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So I've been using Erlang for the last eight hours, and I've spent two of those banging my head against the keyboard trying to figure out the exception error my console keeps returning.

I'm writing a dice program to learn erlang. I want it to be able to call from the console through the erlang interpreter. The program accepts a number of dice, and is supposed to generate a list of values. Each value is supposed to be between one and six.

I won't bore you with the dozens of individual micro-changes I made to try and fix the problem (random engineering) but I'll post my code and the error.

The Source: -module(dice2). -export([d6/1]).

d6(1) -> random:uniform(6); d6(Numdice) -> Result = [], d6(Numdice, [Result]).

d6(0, [Finalresult]) -> {ok, [Finalresult]};

d6(Numdice, [Result]) -> d6(Numdice - 1, [random:uniform(6) | Result]).


When I run the program from my console like so... dice2:d6(1).

...I get a random number between one and six like expected. However when I run the same function with any number higher than one as an argument I get the following exception...

**exception error: no function clause matching dice2:d6(1, [4|3])

... I know I I don't have a function with matching arguments but I don't know how to write a function with variable arguments, and a variable number of arguments.

I tried modifying the function in question like so....

d6(Numdice, [Result]) -> Newresult = [random:uniform(6) | Result], d6(Numdice - 1, Newresult).

... but I got essentially the same error. Anyone know what is going on here?

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1 Answer 1

up vote 5 down vote accepted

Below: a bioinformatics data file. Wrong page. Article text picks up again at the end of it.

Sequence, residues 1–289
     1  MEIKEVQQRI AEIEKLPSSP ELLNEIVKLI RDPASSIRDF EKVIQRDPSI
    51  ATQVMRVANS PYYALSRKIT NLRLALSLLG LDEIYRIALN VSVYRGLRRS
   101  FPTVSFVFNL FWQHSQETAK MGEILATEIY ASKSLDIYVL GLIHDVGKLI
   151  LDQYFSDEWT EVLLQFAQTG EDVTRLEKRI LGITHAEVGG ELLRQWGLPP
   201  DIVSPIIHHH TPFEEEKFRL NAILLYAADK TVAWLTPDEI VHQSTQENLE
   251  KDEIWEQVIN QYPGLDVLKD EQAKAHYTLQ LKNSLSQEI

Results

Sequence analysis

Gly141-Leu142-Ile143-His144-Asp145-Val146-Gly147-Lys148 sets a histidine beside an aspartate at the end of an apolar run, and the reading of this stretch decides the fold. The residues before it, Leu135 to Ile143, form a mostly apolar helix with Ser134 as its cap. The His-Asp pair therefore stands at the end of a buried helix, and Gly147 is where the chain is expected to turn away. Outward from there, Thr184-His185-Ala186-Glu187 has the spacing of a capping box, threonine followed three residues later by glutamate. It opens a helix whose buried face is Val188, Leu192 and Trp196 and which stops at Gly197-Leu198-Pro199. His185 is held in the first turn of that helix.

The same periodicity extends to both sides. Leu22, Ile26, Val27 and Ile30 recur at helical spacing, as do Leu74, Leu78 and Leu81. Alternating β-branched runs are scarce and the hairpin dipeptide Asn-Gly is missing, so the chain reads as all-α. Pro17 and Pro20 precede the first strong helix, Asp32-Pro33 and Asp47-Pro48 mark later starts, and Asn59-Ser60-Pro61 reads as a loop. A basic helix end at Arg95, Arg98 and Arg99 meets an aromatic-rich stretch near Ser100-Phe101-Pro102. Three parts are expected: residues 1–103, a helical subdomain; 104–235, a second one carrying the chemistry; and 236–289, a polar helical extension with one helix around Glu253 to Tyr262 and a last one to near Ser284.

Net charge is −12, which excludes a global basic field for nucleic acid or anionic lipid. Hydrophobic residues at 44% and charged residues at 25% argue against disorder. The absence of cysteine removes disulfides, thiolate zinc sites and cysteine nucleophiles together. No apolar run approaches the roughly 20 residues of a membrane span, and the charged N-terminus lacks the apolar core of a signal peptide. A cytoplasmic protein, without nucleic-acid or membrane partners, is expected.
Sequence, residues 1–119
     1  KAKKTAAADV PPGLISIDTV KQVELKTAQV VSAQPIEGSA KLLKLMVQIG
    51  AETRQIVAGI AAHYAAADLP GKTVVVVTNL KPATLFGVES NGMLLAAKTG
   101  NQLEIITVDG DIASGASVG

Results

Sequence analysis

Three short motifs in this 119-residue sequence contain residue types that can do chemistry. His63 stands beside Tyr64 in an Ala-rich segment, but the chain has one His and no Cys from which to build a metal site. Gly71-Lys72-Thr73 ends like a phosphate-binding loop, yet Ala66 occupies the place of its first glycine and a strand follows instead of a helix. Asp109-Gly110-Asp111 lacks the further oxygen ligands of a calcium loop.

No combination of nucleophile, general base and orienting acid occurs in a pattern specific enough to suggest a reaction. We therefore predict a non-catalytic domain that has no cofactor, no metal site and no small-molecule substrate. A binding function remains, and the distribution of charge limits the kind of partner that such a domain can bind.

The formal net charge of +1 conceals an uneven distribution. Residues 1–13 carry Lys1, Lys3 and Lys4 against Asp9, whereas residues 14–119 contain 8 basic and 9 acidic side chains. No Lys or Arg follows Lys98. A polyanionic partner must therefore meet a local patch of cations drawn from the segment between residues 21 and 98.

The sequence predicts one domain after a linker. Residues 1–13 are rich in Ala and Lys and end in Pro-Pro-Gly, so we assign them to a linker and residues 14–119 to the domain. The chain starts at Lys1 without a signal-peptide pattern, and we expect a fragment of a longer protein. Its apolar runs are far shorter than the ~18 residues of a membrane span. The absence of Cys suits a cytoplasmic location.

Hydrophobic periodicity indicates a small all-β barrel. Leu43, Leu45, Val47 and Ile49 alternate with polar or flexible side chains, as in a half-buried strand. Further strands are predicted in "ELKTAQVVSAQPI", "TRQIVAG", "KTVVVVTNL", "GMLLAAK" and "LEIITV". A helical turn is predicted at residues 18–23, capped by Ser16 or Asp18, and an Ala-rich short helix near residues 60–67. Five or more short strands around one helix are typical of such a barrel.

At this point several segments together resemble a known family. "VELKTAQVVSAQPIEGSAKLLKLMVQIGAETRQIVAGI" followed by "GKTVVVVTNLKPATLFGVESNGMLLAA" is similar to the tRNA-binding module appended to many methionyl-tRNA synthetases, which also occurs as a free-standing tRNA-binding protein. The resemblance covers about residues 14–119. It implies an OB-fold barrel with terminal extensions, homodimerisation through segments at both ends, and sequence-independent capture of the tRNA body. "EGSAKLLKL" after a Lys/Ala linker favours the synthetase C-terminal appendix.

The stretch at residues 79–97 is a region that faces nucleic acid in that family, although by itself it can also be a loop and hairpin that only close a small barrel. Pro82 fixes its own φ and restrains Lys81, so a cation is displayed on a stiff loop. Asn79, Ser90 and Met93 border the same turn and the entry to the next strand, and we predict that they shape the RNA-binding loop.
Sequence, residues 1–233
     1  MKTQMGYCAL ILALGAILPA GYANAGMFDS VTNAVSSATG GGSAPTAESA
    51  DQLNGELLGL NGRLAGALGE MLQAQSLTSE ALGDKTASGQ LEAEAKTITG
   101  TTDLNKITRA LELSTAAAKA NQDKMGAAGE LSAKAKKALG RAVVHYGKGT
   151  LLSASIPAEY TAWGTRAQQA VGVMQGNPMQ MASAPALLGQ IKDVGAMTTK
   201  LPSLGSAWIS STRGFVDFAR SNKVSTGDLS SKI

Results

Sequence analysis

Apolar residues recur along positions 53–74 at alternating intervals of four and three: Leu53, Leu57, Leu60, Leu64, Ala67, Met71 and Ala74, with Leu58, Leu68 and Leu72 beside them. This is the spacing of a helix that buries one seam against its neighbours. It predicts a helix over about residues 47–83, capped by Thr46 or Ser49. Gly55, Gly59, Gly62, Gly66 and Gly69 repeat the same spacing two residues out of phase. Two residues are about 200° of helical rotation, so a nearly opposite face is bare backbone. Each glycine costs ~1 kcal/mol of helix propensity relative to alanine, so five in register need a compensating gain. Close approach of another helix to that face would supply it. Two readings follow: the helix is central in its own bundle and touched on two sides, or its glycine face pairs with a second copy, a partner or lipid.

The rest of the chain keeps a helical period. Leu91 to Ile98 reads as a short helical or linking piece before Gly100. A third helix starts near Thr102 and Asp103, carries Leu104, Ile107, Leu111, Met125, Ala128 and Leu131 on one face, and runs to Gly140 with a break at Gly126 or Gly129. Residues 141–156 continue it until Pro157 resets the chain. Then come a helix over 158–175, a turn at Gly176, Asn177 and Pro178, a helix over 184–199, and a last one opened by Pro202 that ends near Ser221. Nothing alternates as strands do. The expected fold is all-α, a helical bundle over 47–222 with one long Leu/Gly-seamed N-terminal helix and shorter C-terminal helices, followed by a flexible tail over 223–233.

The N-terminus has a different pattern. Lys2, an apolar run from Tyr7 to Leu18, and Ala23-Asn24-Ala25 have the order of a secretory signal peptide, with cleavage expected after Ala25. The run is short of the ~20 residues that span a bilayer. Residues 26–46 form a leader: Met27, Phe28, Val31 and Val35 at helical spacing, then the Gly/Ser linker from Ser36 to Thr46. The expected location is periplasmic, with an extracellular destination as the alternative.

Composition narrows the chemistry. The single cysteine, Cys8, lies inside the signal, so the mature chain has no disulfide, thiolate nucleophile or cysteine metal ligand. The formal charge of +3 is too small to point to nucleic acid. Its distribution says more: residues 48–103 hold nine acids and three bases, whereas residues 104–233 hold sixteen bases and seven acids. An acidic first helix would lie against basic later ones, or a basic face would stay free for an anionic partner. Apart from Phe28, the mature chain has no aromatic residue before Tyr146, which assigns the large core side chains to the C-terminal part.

This is basically a type error. When Result is a list, [Result] is a list with one element. E.g., if your function worked, it would always return a list with one element: Finalresult.

This is what happens (using ==> for "reduces to"):

d6(2) ==> %% Result == []
d6(2, [[]]) ==> %% Result == [], let's say random:uniform(6) gives us 3
d6(1, [3]) ==> %% Result == 3, let's say random:uniform(6) gives us 4
d6(0, [4|3]) ==> %% fails, since [Result] can only match one-element lists

Presumably, you don't want [[]] in the first call, and you don't want Result to be 3 in the third call. So this should fix it:

d6(Numdice) ->  Result = [], d6(Numdice, Result). %% or just d6(Numdice, []).

d6(0, Finalresult) -> {ok, Finalresult};
d6(Numdice, Result) -> d6(Numdice - 1, [random:uniform(6) | Result]).

Lesson: if a language is dynamically typed, this doesn't mean you can avoid getting the types correct. On the contrary, it means that the compiler won't help you in doing this as much as it could.

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1  
Your solution worked beautifully and helped me to understand my mistake. I'm new to the functional paradigm so there is a lot to absorb. Where I was confused was in thinking by calling d6(Numdice, Result) with an empty list, any new calls would end up only being able to match against an empty list as one of the parameters to d6 because you can't rebind variables in scope. I guess I forgot binding rules only apply within a given function before the next call [rolls eyes]. I got caught up in the matching issue, and forgot about element length. Anyway, thanks for answering my question. –  Jim May 4 '10 at 6:31
    
Don't forget you can vote the answer up as well as accepting it :) –  Alexey Romanov May 4 '10 at 6:33
1  
just for completness: d6(1) gives you a number, but e.g. d6(2) gives you {ok, [Value1, Value2]} which might lead to other bugs. –  ZeissS May 4 '10 at 9:37
    
Good point! I think it's best to just remove the d6(1) clause. –  Alexey Romanov May 4 '10 at 9:51

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